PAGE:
Harvey Milk Foundation organizers said the fifth incarnation of Diversity Honors was an unmitigated success.
More than 400 people attended the dress to impress and entertainment rich evening at the Seminole Hard Rock Hotel and Casino Hollywood on March 30.
Miriam Richter, education director and counsel for the Harvey Milk Foundation, said $102,000 was raised, which does not include the in-kind donations. That’s compared to $80,000 in 2017, according to the Diversity Honors website.
The money, Richter said, is split equally between the foundation and The Pride Center at Equality Park.
“This year surpassed [expectations] on so many levels,” Richter told SFGN. “It’s always been a successful event, but this year the vibe was very different. Everyone there was on point, on the mission, on [the] purpose. I felt that in general the overall feeling for the evening was spectacular.”
Diversity Honors is the sole fundraiser of the year for the Harvey Milk Foundation. It’s a significant one for The Pride Center as well. The Harvey Milk Foundation founded Diversity Honors. It brought in The Pride Center to be the event’s boots on the ground.
Food, drink, entertainment, an always top-notch décor, and the after party vie for the attention of those who buy a ticket, bid on an auction item and attend Diversity Honors. But it’s the people being honored who typically steal the show.
“They are always wonderful people, well deserving of the recognition and the honor,” Richter said.
She said the 2019 honoree lineup was “stepped up” with a high-profile national name – Meghan McCain – the outspoken co-host of TV show “The View” on ABC and daughter of the recently deceased U.S. Sen. John McCain.
“Everyone was 100 percent behind her and she was 100 percent behind us. She also followed though on her commitment to the community when the following week she invited [U.S. Army Captain Jennifer Peace and U.S. Army Staff Sergeant Patricia King] on ‘The View’ to discuss transgender service members in the military,” Richter said.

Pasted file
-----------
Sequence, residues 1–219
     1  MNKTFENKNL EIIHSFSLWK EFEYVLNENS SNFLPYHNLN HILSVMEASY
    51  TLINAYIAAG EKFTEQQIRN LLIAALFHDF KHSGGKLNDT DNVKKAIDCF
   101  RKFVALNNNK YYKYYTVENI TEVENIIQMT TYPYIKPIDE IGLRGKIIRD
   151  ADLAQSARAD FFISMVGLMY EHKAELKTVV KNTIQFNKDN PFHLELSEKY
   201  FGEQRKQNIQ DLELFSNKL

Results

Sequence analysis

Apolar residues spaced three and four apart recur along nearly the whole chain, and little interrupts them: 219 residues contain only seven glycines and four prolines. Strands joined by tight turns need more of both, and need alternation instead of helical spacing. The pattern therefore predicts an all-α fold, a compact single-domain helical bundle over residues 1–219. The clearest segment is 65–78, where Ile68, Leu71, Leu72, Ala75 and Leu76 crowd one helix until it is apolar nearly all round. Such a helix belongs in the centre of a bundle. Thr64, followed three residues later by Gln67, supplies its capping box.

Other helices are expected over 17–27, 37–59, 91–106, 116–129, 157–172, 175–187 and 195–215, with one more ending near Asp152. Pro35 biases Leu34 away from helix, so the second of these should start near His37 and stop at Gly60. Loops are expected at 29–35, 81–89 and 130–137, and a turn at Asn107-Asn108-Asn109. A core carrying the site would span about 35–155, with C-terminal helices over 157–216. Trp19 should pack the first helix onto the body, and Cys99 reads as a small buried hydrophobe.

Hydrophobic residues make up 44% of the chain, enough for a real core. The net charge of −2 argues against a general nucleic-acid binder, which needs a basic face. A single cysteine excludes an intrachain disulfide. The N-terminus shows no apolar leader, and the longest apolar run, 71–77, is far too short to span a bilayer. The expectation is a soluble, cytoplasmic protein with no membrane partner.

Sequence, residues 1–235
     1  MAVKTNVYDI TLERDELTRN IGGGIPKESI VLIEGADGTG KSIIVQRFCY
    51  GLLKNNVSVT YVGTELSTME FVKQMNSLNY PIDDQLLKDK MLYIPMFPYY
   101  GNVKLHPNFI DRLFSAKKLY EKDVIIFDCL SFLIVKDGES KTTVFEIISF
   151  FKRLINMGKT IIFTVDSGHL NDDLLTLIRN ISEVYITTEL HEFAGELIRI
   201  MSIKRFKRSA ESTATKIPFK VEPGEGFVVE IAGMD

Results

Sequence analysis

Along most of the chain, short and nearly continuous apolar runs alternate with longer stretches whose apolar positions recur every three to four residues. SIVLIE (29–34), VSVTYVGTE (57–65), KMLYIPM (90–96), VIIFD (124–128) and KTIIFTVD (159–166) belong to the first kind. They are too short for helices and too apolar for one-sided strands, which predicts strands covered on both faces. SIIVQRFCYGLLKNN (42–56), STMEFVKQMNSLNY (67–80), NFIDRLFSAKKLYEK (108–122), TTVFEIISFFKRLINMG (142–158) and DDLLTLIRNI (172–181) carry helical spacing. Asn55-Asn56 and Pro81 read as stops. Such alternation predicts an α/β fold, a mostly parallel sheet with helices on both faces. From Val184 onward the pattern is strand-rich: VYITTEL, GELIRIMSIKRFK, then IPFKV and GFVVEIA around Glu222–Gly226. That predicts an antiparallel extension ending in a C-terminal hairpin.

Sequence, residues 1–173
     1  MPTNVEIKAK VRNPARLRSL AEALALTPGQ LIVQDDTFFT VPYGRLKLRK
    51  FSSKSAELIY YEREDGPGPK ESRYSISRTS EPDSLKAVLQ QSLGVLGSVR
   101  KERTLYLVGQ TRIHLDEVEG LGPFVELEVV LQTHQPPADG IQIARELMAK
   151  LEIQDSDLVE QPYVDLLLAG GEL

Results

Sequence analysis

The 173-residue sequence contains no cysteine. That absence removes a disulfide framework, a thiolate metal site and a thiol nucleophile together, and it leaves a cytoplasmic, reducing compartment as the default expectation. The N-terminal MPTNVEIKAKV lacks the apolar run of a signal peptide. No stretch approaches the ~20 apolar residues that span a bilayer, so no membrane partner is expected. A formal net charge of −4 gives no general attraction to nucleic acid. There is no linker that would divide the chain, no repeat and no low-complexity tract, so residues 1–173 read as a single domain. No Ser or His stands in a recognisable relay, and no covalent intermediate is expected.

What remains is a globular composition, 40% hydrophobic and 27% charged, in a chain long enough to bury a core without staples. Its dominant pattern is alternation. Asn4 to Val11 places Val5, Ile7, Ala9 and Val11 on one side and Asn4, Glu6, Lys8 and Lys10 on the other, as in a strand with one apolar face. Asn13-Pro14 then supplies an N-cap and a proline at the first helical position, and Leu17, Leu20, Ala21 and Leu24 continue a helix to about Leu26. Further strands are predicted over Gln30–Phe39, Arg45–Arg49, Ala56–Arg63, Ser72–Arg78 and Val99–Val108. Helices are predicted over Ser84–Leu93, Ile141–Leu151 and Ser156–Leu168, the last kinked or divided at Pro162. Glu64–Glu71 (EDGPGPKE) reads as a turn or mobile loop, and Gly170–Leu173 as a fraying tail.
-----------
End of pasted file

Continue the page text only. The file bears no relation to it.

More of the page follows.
Peace and King have been lauded for their public resistance to the Trump Administration’s attempt to ban transgender individuals from serving in the military.
The Diversity Honors event and host Seminole Hard Rock Hotel and Casino Hollywood were both mentioned in the TV segment as well.
At the Hard Rock, Stuart Milk, the nephew of Harvey Milk who was assassinated 41 years ago, emceed and gave out the awards. He lauded Meghan McCain during the ceremony.
“Meghan has created a maverick legacy all her own. She has been absolutely relentless and steadfast as a champion of LGBT rights,” he said, adding that Meghan McCain had been an early supporter of same sex marriage and gay adoption.
Richter, meanwhile, has worked for the foundation for about a decade. She is also a full-time attorney for the Seminole Tribe of Florida, who she successfully approached five years ago to become the headlining sponsor of Diversity Honors.
At this year’s event, Florida Congresswoman Debbie Wasserman Schultz recognized Richter and Pride Center CEO Robert Boo with certificates of Special Congressional Recognition.
Other stars of the night
Others honorees included Florida Democratic Congressman Ted Deutch, whose District 22 encompasses the city of Wilton Manors; Phil Wilson, who served as AIDS coordinator for the city of Los Angeles from 1990 to 1993; and Tony Lima, executive director of SAVE, a longtime advocacy organization.
The Alan Schubert Award of Excellence (Schubert was the founder of the Pride Centera died in 2016) was given to the entire Wilton Manors City Commission.
Wilton Manors is only the second city in the U.S. to have an all LBGT commission – Palm Springs, California, was the first.
For previous coverage of Diversity Honors, go to sfgn.com.